On August 27, Erik Oseland, one of the RNC 8 protestors charged for activities surrounding the 2008 Republican Convention, pled guilty to conspiracy to commit damage to property in the 3rd degree, a gross misdemeanor. He will serve his 91-day sentence in the Ramsey County Workhouse beginning on October 20. With credit for time served, and good behavior, it’s likely he’ll complete the sentence in 58 days.
The RNC 8 were originally charged with conspiracy to riot in the furtherance of terrorism, under the provisions of the Minnesota Patriot Act. The terrorism enhancement was dropped in April 2009. At the hearing, Oseland acknowledged plans to block streets by pushing over newspaper boxes. A 3rd degree charge includes damage to property worth between $251 to $500 said Oseland’s attorney Ted Dooley.
The prosecution of the RNC 8 resulted from undercover investigations in the year preceding the event. The groups were infiltrated by CRIs (Confidential Reliable Informants) paid by the Ramsey County Sheriff’s Department and the FBI.
For Oseland, the protests ended and the prosecution began with what he called a “Judas kiss” – a hug in front of the Franklin Avenue LaundroMax. It was Saturday, August 30, 2008, two days before the start of the Republican National Convention. Several members of the RNC Welcoming Committee, a group with which Oseland was loosely associated, were already under arrest. “It was scary.” Oseland recalled, “The police were doing crazy things.”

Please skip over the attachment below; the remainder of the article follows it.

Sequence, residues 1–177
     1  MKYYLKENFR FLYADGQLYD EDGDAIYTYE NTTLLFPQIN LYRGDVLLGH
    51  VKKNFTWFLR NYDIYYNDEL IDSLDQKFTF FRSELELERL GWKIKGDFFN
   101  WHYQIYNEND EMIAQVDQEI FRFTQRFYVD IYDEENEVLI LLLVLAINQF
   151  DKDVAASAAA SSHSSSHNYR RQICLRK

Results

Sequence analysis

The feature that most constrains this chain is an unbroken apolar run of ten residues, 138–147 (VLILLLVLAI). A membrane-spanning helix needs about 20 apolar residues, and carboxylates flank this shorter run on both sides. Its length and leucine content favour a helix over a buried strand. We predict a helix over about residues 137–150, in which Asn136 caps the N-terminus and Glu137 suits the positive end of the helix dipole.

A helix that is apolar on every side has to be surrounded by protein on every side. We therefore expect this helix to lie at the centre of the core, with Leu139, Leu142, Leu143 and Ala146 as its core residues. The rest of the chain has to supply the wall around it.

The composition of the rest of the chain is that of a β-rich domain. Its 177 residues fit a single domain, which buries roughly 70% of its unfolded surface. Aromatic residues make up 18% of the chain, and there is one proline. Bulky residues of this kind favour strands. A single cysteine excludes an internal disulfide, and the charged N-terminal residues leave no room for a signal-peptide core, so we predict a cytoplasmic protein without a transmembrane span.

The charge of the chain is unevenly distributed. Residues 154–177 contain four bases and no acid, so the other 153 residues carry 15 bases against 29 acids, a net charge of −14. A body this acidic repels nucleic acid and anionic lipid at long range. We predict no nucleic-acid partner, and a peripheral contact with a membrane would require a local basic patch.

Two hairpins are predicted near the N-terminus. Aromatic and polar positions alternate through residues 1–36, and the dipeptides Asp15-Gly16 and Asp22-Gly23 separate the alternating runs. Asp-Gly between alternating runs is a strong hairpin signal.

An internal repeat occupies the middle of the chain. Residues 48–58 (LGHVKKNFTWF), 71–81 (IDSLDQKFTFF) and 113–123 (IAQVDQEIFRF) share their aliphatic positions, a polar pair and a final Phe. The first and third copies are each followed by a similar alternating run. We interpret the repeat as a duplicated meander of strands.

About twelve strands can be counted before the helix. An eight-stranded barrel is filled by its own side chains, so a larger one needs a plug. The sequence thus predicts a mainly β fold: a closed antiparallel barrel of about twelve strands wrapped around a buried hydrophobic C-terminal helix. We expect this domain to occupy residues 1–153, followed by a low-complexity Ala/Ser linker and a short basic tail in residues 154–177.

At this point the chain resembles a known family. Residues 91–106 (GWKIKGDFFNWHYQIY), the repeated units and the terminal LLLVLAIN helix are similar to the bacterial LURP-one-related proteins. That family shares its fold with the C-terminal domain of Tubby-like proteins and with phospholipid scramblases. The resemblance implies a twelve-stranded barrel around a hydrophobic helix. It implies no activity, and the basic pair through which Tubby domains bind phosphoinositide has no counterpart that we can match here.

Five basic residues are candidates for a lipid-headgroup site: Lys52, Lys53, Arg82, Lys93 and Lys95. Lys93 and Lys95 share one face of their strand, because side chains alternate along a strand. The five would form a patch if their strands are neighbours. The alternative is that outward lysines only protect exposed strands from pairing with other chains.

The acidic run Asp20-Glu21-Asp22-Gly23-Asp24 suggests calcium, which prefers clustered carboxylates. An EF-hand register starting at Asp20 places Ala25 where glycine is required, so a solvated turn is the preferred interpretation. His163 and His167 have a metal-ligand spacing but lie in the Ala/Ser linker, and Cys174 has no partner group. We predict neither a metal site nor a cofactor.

A guy he knew as Panda had called Oseland a few minutes earlier, “It’s not good to be alone right now,” Oseland remembered being told. At Panda’s suggestion, they met in front of the coin laundry. First came the embrace, then police leaping from vehicles and then Oseland found himself in Hennepin County jail contemplating his betrayal. Panda was FBI informant, Andew Darst.
When I spoke with Oseland on June 9, outside the Ramsey County Courthouse, the sting of Darst’s duplicity clearly remained. He described Darst as a “slime ball,” a fiery personality who often bragged about breaking into buildings. “He was always in the center of things,” Oseland said of Darst, “turning seemingly innocent – turning their sh*t talk into inflammatory stuff.”
Oseland’s case ended in Judge Teresa Warner’s courtroom almost two years after his arrest. Two conditions were critical to his plea agreement. His sentence would be considered “executed,” with no parole required, so when his time is served, he’ll be done. The other essential condition: Oseland cannot be called to testify in any RNC-related criminal matter.
CORRECTION 9/11/2010: Panda was FBI informant, Andew Darst.